Crude 1,763,124 9,432,498 1,818,012 8,870,897 1,763,124 9,432,498 1,818,012 8,870,897 1,756,593
Other C3+ Input 144,160 1,107,284 188,660 1,080,325 147,994 1,109,962 190,283 1,072,747 188,177

LPG produced 60,394 397,048 39,320 448,726 57,091 379,551 40,976 524,476 72,341
Finished Mogas 1,006,125 3,976,537 755,812 4,292,393 1,016,607 4,023,370 809,458 4,112,979 1,018,942
USA Mogas 880,550 3,024,404 698,307 3,813,708 849,757 3,024,404 695,051 3,738,929 863,284
USA non-HOF 880,550 3,024,404 698,307 1,906,854 426,748 0 0 1,906,854 440,275
USA non-HOF CG 104,676 2,416,171 83,011 1,523,370 52,338 0 0 1,523,370 52,338
USA non-HOF RFG 775,874 608,233 615,295 383,484 374,410 0 0 383,484 387,937
USA Gasoline HOF 0 0 0 1,906,854 423,009 3,024,404 695,051 1,832,075 423,009
USA HOF CG 0 0 0 1,523,370 50,285 2,416,171 79,756 1,463,630 50,285
USA HOF RFG 0 0 0 383,484 372,724 608,233 615,295 368,446 372,724
Export Gasoline 125,575 952,133 57,505 478,685 166,850 998,966 114,407 374,050 155,658
Ethanol 88,495 303,983 70,187 382,324 85,189 302,440 69,505 374,846 86,549
Total Diesel 395,808 4,055,886 718,391 3,372,796 395,808 4,055,886 671,054 3,427,294 395,808
US Diesel 395,808 2,199,012 427,233 2,045,271 395,808 2,199,012 427,233 2,045,271 395,808
Export Diesel 0 1,856,873 291,158 1,327,525 0 1,856,873 243,821 1,382,023 0
Total Jet 309,297 1,012,926 347,253 907,087 309,297 1,012,926 347,253 907,087 309,297
Total Distillate 705,105 5,068,812 1,065,644 4,279,883 705,105 5,068,812 1,018,307 4,334,381 705,105
Heavies 106,351 496,585 103,605 460,325 98,913 496,585 103,605 460,325 106,351
Other Lights 33,971 536,067 24,692 526,570 39,093 536,067 26,229 506,235 33,865

C5+ Recovery 98.4% 96.8% 99.4% 97.1% 98.7% 97.3% 99.9% 95.5% 96.9%

UNIT OPERATIONS
Crude Tower 1,763,124 9,432,498 1,818,012 8,870,897 1,763,124 9,432,498 1,818,012 8,870,897 1,756,593
Vacuum Tower 927,168 4,193,640 977,690 3,751,111 927,168 4,193,640 977,690 3,751,111 923,733
Sats Gas Plant 163,747 415,344 118,246 429,933 155,650 394,093 125,008 516,705 175,916
Unsats Gas Plant 180,743 787,924 142,241 891,670 179,877 787,924 159,030 871,031 197,336
FCC 511,133 2,409,130 385,888 2,486,475 569,598 2,409,130 401,936 2,412,804 526,850
Total HYK 456,812 1,224,688 543,510 1,048,383 426,111 1,224,688 531,364 1,048,383 439,987
Delayed Coker 371,278 1,684,132 392,957 1,396,942 381,468 1,684,132 390,043 1,391,714 370,460
Total Reforming 272,313 1,785,089 235,578 1,518,734 231,487 1,602,574 226,532 1,826,744 318,933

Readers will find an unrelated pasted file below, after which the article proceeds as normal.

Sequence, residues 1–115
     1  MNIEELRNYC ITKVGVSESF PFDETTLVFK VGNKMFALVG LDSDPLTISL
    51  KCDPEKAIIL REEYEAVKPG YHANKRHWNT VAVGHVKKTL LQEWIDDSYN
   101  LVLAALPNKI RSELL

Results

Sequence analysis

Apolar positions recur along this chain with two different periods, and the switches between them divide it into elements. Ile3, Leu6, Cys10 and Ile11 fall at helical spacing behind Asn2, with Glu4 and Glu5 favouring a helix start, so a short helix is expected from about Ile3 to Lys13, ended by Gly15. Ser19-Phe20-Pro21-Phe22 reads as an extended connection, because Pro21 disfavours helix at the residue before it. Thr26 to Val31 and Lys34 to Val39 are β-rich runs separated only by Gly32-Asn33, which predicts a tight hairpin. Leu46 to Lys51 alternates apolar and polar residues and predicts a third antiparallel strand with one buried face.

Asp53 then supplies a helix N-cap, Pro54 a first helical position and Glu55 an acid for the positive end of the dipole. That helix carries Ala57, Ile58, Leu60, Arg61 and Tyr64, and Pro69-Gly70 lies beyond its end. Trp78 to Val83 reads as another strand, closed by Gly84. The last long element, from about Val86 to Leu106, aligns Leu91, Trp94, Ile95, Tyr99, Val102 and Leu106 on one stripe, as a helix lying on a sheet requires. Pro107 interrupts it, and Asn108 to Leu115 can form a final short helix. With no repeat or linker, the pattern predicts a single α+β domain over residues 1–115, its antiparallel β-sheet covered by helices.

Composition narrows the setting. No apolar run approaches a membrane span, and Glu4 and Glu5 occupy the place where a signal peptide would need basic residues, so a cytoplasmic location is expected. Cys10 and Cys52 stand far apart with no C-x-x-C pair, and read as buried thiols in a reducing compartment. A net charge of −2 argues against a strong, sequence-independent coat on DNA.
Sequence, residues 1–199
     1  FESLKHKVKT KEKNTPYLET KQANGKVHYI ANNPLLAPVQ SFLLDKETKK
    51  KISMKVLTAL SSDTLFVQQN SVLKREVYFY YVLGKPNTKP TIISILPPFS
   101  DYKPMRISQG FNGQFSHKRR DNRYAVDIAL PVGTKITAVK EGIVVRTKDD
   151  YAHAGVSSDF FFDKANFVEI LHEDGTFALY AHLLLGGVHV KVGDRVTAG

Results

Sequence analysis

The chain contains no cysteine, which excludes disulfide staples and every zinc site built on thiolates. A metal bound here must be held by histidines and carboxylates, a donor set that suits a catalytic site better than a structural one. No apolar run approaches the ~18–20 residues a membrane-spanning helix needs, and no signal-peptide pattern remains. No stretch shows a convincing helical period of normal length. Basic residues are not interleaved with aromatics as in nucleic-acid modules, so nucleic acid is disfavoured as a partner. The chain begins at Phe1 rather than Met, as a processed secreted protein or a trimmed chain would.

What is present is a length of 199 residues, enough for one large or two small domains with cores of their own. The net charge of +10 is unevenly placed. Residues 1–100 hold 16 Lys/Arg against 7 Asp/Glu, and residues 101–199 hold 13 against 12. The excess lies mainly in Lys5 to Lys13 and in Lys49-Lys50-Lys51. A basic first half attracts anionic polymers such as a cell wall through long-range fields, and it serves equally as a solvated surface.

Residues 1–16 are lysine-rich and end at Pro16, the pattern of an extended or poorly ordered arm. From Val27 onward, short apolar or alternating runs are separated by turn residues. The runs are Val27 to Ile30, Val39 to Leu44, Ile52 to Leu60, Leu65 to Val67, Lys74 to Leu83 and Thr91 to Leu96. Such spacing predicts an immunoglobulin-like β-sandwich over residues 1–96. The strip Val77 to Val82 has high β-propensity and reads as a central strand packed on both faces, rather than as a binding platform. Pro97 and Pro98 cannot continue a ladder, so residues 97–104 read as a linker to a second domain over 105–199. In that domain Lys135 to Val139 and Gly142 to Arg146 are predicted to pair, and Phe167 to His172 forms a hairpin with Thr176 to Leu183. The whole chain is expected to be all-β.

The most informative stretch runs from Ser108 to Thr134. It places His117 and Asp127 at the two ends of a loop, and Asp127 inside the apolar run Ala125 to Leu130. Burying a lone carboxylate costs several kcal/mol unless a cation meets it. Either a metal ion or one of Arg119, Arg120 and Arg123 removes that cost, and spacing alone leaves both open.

Avg Reforming Severity 92.2 90.4 92.1 90.0 93.1 90.0 91.2 97.0 97.3
000Sev*BPD 25,094 161,423 21,695 136,686 21,550 144,232 20,656 177,131 31,023
C5/C6 Isomerization 79,495 130,012 76,885 121,207 79,739 130,012 46,969 175,023 79,223
Total Alky 219,698 581,703 178,911 605,483 219,698 581,703 199,366 605,483 219,698
TOTAL ULSD+DHT 324,211 3,180,176 576,665 2,762,332 390,233 3,180,176 576,665 2,813,249 243,904
VGO Feed HDT 421,272 1,440,482 275,561 1,387,218 444,982 1,440,482 275,561 1,352,562 451,107
Hydrogen Plant MSCFD 1,307,874 1,651,833 1,381,632 1,563,649 1,307,874 1,651,833 1,381,632 1,563,649 1,175,822
Sulfur TPD 3,313 21,491 3,770 18,708 3,392 21,492 3,738 18,732 3,280

Tota HYD SCF/BblCrude 920 622 971 576 898 614 950 601 900
Reformer HYD SCF/BblCrude 167 187 140 160 145 162 129 241 219

BLEND SUMMARIES
NON-HOF Blend Percents
C4s 0% 2% 0% 3% 0% N/A N/A 0% 0%
Naphtha 19% 10% 13% 9% 19% N/A N/A 14% 15%
Isomerate 4% 4% 8% 1% 4% N/A N/A 5% 2%
Alklate (inc. dim/poly) 25% 12% 26% 11% 32% N/A N/A 1% 15%
Reformate 19% 36% 25% 47% 15% N/A N/A 39% 28%
FCC 23% 26% 19% 18% 20% N/A N/A 31% 30%
Oxygenate (inc. BR/WG) 10% 10% 10% 10% 10% N/A N/A 10% 10%
Total 100% 100% 100% 100% 100% N/A N/A 100% 100%

HOF Blend Percents


C4s N/A N/A N/A 0% 0% 1% 0% 4% 0%
Naphtha N/A N/A N/A 23% 26% 15% 22% 0% 12%
Isomerate N/A N/A N/A 5% 0% 4% 0% 0% 5%
Alklate (inc. dim/poly) N/A N/A N/A 16% 20% 11% 29% 32% 50%
Reformate N/A N/A N/A 6% 11% 24% 19% 30% 23%
FCC N/A N/A N/A 39% 33% 36% 20% 25% 0%
Oxygenate (inc. BR/WG) N/A N/A N/A 10% 10% 10% 10% 10% 10%
Total N/A N/A N/A 100% 100% 100% 100% 100% 100%
Appendix A: Summary Modeling Results

2022 HVY
2040 PD3 2040 CAL 2022 CRK 2022 LTCOK COKE FUEL 2022 CAL 2022 PD3 2022 CAL 2040 CRK 2040 LTCOK
CASE ID ==> FUEL 07 FUEL 07 FUEL 10 FUEL 10 10 FIG FUEL 10 FUEL 10 FUEL 10 FUEL 10 FUEL 10
Crude No Soln No Soln 150,000 150,000 150,000 150,000 8,870,897 1,763,124 150,000 150,000
Other C3+ Input 8,999 10,770 8,806 28,532 1,087,460 142,691 8,222 9,289